Jon & Kate Gosselin
With both their marriage and TLC series ("Jon & Kate Plus 8") ending, the reality TV couple is, at the least, losing their $3 to $4 million salary from the cable TV company not to mention all of the freebies they have enjoyed as a result of their show including trips, clothes, and toys for their brood of elementary-age children.
Daughter of deceased mob boss John Gotti, this TV reality show star ("Growing Up Gotti") filed for bankruptcy after her mansion in Long Island went into foreclosure. Blaming her financial misfortune on her ex-husband's imprisonment, she lost the home after the bank reported that she owed more than $650,000 in back mortgage payments.
This world heavyweight boxing champion may have earned nearly $250 million during his time in the ring but he's lost enough of that fortune to have gone into foreclosure on his 109-room home in suburban Atlanta. Holyfield cites two divorces and numerous failed business investments for his loss.
He may be a musical genius but this Grammy award-winner hasn't enjoyed the same string of success when it comes to his finances. He has had to file for bankruptcy and filed a $90 million lawsuit against his former manager (and former brother-in-law) Frank Weber for losing tens of millions of dollars as a result of fraud, risky investments, and unauthorized loans.
Apparently even billionaire fashion titans aren't immune to the effects of the global recession. As people have tightened their purse strings, they are passing on designer fashion for more frugally priced outfits. The combination of fewer buyers and a massive stock market decline has put a significant $1.7 billion dent in Lauren's personal wealth.
While the former Beatle made number one hit single "Can't Buy Me Love," he learned that love can be extraordinarily expensive. Without a prenuptial agreement, his divorce from Heather Mills in 2008 cost him close to $50 million.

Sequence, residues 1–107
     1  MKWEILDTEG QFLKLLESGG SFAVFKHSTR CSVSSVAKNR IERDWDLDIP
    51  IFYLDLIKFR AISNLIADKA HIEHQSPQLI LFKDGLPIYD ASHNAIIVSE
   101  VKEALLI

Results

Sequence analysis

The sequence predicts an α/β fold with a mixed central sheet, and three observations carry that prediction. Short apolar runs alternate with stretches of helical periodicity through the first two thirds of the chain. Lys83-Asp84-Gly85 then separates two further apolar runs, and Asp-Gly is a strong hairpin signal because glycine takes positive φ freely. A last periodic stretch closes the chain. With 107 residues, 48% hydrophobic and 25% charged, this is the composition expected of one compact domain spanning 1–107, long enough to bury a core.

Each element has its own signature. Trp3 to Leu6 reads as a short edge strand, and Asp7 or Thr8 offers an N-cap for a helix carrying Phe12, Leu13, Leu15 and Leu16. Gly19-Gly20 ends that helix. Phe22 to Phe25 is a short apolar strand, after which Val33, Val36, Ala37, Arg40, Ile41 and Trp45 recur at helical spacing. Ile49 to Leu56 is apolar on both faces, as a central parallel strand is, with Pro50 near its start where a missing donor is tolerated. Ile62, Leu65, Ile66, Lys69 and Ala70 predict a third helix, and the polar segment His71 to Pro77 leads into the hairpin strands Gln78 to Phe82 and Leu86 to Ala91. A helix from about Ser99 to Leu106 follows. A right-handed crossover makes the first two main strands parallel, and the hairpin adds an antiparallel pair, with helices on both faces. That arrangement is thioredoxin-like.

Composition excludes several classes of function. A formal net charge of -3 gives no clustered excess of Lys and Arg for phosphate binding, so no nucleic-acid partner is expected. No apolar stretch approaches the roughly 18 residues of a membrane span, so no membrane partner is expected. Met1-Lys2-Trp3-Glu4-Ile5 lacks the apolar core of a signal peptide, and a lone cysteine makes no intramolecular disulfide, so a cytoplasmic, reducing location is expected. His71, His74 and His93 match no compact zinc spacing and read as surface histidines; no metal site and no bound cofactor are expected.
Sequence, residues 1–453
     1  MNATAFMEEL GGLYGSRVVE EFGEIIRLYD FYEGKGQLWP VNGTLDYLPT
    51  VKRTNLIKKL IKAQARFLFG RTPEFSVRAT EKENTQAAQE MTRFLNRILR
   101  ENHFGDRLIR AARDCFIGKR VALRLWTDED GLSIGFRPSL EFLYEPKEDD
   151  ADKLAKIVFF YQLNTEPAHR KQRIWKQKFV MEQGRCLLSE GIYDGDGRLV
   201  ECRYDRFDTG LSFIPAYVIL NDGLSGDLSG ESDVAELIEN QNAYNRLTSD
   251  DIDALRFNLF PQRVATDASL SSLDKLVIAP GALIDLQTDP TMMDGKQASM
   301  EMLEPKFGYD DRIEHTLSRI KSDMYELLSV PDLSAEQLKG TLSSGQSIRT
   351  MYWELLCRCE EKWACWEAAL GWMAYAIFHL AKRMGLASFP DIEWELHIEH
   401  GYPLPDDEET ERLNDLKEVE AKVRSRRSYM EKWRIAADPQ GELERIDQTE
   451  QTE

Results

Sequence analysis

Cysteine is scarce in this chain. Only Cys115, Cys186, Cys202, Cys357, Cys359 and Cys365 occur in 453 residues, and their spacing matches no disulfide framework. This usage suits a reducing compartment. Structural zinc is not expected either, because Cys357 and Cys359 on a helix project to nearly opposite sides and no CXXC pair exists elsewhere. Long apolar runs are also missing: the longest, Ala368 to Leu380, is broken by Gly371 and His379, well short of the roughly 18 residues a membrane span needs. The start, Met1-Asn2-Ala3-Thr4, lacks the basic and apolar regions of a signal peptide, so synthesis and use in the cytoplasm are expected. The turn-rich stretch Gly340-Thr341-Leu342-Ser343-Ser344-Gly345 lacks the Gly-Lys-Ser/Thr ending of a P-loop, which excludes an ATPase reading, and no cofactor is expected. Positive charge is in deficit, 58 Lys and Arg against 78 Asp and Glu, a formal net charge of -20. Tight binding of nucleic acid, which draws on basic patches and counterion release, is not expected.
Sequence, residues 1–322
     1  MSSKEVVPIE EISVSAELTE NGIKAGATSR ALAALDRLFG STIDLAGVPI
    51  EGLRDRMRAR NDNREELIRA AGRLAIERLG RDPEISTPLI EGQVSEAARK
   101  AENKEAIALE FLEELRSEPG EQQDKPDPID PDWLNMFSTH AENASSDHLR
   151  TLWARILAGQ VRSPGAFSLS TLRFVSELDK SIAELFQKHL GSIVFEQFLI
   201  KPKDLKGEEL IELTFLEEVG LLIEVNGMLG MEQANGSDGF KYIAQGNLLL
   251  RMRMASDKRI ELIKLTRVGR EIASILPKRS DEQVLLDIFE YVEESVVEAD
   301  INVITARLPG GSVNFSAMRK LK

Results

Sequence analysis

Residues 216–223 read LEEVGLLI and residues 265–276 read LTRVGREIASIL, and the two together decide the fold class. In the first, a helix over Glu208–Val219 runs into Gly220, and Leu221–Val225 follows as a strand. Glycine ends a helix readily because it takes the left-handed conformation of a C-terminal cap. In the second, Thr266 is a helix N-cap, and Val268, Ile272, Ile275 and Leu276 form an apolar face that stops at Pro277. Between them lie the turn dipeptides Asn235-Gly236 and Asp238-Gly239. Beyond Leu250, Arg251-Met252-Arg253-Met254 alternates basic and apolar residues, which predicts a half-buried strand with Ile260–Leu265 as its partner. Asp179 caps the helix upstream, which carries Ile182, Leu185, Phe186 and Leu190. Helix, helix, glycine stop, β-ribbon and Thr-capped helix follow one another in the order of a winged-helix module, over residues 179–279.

Willie Nelson went "on the road again" to raise the $16.7 million in back taxes he owed the IRS after filing for bankruptcy in 1990. Able to laugh at his misfortune he recorded "The IRS Tapes: Who'll Buy My Memories" to help settle the bill after the government seized his bank accounts and numerous homes, and later went on to star as a spokesperson for the tax preparation firm H&R Block in Super Bowl ads.
In a recent Nightline interview this domestic doyenne revealed that she estimates her time in federal prison (for obstructing justice and lying to investigators) cost her approximately $1 billion.
The Philadelphia Eagles' back-up quarterback is just grateful to have a job these days. He was signed to the team after finishing a 19-month sentence at the federal penitentiary in Leavenworth, Kansas for being found guilty of a federal dogfighting conspiracy charge. That choice cost the formerly Nike-sponsored athlete $135 million. In 2005 Vick was listed as the 33rd most powerful celebrity by Forbes magazine; three years later he was forced to declare personal bankruptcy.
The Bottom Line
While everyone has been hit by the 2009 recession, chances are someone else lost a whole lot more than you did.